Ethiopian female pastoralists unite to fight climate change
|A shorter version of this lesson has been featured on the booklet produced by the MDG-F Environment and Climate Change window "Seeds of Knowledge - Contributing to Climate Change Solutions". - Read more about the booklet or download it in English / Spanish / French / Arabic.|
It is evident that pastoralist women are more vulnerable than their counterparts to climate change effects during dry seasons. This is because the women cannot move from their place of origin, while men travel to seek areas of better feed resources for animals.
Ethiopia’s Environment JP has addressed that situation by improving awareness about climate change adaptation. As a result, several women have engaged in training in the area and are being supported in livelihood enhancement activities in seventeen pastoral community villages in the most vulnerable areas.
To this end, lives of pastoral women in the JP’s project areas are changing significantly. That is, women have already formed their own cooperatives, engaged in a range of income-generating schemes. As a result, women in the intervention areas have significantly reduced inequality and increased their independence through livelihood changes.
Submissiveness of women to men was a big challenge initially. That is, initially it was really a big challenge to engage women in the JP activities due to cultural barriers around pastoral communities. There was a culture that restricts women meeting with men to discuss on common issues. For instance, during the JP’s baseline survey and the participatory income generating activities assessment, women were not willing to take part in the Focus Group Discussions (FGDs) conducted together with men. Even worse, representations of women headed households (after death of husbands) in meeting of social issues still reject women. However, following regular awareness creation works (e.g. community training, reorienting community leaders the benefits of women’s involvement in all socio-economic endavours etc)on women’s equality later on women started to actively participate in JP activities. To this effect, many women have been engaged in livelihood activities of the JP.
Purpose of the activity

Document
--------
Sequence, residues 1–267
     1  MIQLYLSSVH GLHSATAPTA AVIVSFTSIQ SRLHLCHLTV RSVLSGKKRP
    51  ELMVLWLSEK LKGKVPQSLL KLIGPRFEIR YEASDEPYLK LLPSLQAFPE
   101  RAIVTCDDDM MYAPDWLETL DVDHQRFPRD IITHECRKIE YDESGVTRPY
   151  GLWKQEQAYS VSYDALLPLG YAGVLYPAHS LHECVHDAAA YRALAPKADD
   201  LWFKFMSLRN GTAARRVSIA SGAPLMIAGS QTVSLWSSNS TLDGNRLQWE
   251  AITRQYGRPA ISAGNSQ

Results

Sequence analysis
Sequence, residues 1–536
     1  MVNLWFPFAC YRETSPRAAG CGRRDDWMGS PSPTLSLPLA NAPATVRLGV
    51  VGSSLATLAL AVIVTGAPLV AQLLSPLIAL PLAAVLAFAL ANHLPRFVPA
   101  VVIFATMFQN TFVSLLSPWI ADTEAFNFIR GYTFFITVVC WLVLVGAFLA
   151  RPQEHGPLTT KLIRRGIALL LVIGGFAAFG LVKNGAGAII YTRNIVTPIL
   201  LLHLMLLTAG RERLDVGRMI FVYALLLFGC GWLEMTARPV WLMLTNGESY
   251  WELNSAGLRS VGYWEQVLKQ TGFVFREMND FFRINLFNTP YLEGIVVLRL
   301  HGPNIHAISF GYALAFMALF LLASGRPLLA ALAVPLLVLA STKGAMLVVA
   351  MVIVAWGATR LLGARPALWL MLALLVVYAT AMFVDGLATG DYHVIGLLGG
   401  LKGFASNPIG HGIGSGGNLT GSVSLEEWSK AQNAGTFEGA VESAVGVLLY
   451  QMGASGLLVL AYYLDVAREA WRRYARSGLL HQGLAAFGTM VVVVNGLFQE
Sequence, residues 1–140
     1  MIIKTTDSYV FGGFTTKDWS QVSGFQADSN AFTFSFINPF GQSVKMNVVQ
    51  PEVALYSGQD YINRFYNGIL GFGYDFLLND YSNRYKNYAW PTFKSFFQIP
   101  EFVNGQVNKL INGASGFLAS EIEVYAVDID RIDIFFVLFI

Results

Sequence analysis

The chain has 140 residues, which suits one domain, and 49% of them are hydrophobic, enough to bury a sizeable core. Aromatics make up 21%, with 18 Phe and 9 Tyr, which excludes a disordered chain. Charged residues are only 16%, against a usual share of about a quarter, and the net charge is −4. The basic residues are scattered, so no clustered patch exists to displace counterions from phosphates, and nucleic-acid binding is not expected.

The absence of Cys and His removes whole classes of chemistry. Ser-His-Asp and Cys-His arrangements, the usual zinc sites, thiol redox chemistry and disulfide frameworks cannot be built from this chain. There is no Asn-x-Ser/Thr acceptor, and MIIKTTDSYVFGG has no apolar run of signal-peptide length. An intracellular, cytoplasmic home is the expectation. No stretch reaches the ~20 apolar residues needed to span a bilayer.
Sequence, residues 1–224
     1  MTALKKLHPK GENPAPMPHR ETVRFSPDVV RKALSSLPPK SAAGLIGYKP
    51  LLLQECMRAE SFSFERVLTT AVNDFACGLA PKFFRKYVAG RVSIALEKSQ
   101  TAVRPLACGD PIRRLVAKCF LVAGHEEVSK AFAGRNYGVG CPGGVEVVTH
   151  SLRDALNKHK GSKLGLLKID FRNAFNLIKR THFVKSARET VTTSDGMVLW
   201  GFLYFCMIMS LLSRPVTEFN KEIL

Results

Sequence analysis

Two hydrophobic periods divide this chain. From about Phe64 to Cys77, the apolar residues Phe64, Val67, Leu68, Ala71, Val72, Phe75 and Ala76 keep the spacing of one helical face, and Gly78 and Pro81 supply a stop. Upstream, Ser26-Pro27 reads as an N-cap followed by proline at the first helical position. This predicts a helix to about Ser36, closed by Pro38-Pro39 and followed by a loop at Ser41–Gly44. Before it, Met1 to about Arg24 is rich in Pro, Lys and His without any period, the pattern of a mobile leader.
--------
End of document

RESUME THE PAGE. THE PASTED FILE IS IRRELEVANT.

The major purpose of the activity was to mainstream gender in all programme activities and to make sure women equally benefit from the programme.
Original issue addressed by the activity
Pastoralists in Ethiopia have strong traditional systems and cultures which has been developed and shaped through time to fit to the pastoral way of life. Rangeland resources degradation, loss of biodiversity, increased invasive plants, unreliable rainfall patterns are some of the major environmental issues in pastoral areas. Overall climate variability and change are major threats. The Joint Program (JP) planned to develop inclusive adaptation options to reduce community vulnerability to such threats. There are clearly defined differentiated roles and responsibilities for women and men, which to certain extents have manifested themselves into gender inequalities.
Strategy chosen to address the issue
The JP has designed a special programme for women empowerment by creating additional income source for women. Women already organized into groups will be supported with seed money and will get training to start their own small businesses. The programme will also mainstream gender in all programme activities and make sure women equally benefit from the programme. They will be also encouraged to be involved in all community decision-making meetings.
Implementation of the strategy
Due to historical marginalization of pastoralists, there are significant human right gaps in pastoral areas. Pastoralists’ right to have access to education, clean water, health, information, security, access to adequate food and development are some of the major gaps that have been identified with both duty bearer and right holders. The government is aggressively working towards reducing some of the gaps in social services through its development programmes and MDGs, although it is unlikely to achieve the MDGs in pastoral areas due to effects of climatic changes. The JP has designed strategies to enhance government efforts and thus improve the possibility for meeting MDGs with a special emphasis on women empowerment.
The JP has introduced mechanisms to increase livestock productivity and access to better markets for pastoralist community, with particular emphasis on women. Moreover, alternative income generating schemes were identified and/or have already been designed to be implemented particularly by women of the pastoralist community over the project life & beyond. For this, an Income Generating Activities Assessment has been conducted recently. For example, activities of bee keeping, milk processing, small irrigation for garden farming, petty trades, animal fattening, skin and hides preparation and the like.